In the contemporary world we inhabit, apart from the usual human beings and tall buildings that we pass by on an everyday basis, we also, consciously or unconsciously, wade through a traffic of news. A chunk of the news that catches our fancy is honest, but much of the other is pure conjecture. Because we live in an age of the Internet and cellphones, TV and radio, which literally cover every inch of the earth, bringing to us any kind of information and answers at the touch of a button, people can no longer stand not knowing. So in a situation where the authorities delivered a part of the news but not the whole thing, what happens when there is a communication gap between the one giving information and the one receiving? Such a situation provides perfect conditions for conspiracy theories to germinate. Dr. Preeti Singh, a senior consultant, clinical psychologist says that “it all begins at the idea level. People make their own hypothesis, and on that basis they start filtering in whatever information that builds their theory. Sometimes the idea is shakable and sometimes, not.”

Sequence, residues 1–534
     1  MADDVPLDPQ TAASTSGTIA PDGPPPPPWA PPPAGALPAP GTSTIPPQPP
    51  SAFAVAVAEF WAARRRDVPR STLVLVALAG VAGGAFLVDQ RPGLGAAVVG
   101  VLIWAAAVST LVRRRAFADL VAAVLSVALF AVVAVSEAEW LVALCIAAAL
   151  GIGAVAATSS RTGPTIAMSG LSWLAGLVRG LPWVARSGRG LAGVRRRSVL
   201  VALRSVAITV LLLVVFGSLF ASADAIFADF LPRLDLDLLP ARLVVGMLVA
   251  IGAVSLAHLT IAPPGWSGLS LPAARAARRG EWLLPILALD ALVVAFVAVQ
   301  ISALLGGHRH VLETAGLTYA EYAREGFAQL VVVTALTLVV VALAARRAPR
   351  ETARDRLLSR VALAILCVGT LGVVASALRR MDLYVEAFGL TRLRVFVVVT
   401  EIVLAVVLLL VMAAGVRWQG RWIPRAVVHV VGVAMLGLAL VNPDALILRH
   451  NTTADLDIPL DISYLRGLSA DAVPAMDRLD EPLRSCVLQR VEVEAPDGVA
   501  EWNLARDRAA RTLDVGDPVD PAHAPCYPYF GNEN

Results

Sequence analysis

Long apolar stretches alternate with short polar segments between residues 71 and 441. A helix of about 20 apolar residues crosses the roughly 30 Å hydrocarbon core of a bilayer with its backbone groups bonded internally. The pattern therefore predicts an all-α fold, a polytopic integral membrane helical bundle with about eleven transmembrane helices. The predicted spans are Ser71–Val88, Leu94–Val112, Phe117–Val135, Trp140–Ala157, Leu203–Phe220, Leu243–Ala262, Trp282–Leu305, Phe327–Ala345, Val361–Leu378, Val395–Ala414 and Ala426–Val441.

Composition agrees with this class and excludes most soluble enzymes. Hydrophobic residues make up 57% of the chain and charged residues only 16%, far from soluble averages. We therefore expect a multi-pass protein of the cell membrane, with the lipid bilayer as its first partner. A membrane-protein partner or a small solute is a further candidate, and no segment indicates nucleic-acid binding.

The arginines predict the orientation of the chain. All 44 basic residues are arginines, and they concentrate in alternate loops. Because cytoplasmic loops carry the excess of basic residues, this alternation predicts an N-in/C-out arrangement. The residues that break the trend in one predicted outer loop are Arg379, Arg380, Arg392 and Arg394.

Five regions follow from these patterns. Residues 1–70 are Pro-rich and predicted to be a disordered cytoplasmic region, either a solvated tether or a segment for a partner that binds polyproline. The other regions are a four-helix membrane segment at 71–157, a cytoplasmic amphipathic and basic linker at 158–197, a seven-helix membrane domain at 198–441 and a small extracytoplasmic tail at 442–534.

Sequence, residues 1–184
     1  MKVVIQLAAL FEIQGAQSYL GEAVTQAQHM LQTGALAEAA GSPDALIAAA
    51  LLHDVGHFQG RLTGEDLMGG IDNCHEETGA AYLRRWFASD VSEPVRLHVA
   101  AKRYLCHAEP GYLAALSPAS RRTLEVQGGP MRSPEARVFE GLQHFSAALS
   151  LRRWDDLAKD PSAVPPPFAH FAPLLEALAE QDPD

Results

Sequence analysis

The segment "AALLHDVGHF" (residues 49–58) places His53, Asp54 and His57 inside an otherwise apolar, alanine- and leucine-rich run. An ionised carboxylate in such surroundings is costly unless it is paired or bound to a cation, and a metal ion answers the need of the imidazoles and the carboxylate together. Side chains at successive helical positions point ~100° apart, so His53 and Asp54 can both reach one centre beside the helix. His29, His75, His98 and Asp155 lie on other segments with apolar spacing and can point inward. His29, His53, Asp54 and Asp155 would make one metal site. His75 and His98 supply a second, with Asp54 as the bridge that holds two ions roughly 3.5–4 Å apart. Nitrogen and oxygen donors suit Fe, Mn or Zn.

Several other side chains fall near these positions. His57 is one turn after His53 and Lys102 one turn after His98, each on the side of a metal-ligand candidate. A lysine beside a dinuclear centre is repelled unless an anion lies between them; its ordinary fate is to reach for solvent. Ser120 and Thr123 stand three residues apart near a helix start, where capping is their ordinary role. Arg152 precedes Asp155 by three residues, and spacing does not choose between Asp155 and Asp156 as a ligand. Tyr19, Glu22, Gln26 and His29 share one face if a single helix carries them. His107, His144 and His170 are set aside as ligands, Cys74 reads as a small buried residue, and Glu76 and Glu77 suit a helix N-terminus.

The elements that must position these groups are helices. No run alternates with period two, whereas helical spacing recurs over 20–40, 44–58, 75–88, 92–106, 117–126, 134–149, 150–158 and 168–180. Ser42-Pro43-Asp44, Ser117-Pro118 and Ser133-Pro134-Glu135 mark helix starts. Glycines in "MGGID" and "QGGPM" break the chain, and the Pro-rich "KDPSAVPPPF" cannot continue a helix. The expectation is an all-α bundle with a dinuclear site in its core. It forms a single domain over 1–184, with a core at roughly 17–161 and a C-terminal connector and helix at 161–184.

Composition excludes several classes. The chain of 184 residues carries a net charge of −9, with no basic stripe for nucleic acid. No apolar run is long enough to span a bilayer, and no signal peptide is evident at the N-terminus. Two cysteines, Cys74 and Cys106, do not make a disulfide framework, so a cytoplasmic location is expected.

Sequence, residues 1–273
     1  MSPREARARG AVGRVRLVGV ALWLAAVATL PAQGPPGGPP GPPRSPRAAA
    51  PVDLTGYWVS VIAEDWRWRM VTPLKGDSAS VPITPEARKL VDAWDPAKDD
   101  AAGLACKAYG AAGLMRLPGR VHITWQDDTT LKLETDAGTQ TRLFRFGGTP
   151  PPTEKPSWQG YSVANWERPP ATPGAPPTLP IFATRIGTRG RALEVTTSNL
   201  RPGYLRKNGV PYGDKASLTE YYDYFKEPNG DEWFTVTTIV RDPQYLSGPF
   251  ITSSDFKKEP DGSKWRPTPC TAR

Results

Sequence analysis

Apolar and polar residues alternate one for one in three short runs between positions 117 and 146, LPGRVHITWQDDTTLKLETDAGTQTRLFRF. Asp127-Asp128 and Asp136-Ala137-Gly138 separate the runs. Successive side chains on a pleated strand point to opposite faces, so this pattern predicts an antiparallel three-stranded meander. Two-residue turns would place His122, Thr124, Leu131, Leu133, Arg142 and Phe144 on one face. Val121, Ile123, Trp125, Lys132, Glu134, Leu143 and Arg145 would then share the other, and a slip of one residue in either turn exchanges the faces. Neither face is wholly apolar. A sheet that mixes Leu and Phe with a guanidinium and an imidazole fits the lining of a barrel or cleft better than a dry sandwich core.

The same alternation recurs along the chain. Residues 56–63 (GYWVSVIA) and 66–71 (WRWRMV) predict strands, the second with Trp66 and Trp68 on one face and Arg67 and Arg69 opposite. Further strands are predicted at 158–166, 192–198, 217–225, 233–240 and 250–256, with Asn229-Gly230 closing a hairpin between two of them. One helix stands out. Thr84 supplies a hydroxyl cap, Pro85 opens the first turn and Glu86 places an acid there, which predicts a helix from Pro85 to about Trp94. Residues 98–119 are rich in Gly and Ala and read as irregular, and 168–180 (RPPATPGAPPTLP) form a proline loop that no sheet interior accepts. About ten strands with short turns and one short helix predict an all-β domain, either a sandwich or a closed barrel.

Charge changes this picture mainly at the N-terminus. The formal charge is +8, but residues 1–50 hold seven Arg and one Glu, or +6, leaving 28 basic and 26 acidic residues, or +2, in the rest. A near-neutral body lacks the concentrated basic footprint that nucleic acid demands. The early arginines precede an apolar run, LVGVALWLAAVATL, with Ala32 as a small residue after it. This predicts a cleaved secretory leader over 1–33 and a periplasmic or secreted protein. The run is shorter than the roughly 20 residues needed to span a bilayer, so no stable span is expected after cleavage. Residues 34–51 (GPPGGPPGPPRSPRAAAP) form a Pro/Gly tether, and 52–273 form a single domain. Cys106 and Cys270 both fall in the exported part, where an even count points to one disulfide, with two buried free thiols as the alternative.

You’ve heard them and you’ve probably believed a lot of them as well. And why not? They seem rational and a possibility. The most recent conspiracy theories have been regarding the missing Malaysian MH 370 plane that, from what it seems like, vanished out of thin air. Even though no hard evidence has been presented as to what actually happened to the plane but people began forming their own explanations a mere couple days later the plane went missing. Siddharth, a final year student at Delhi University, believes that aliens abducted the plane mid air, while Sanskriti, a working 25 year old, thinks it was a terrorist attack that caused the plane to go astray. Some think it to be a covert CIA operation, while others claim it was the pilots who deliberately crashed the plane. The Internet is also rife with all kinds of imaginative speculations. In fact, in a survey conducted by an American website, a solid five percent of the people who participated in the survey do believe that MH 370 was abducted by aliens. Back home, the entire nation was and still does toot whenever the cases of Pramod Mahajan’s and Aarushi Talwar’s death comes up. Because a conclusion on the real cause of their death was never reached up, there is a lot of wonderment concerning those two.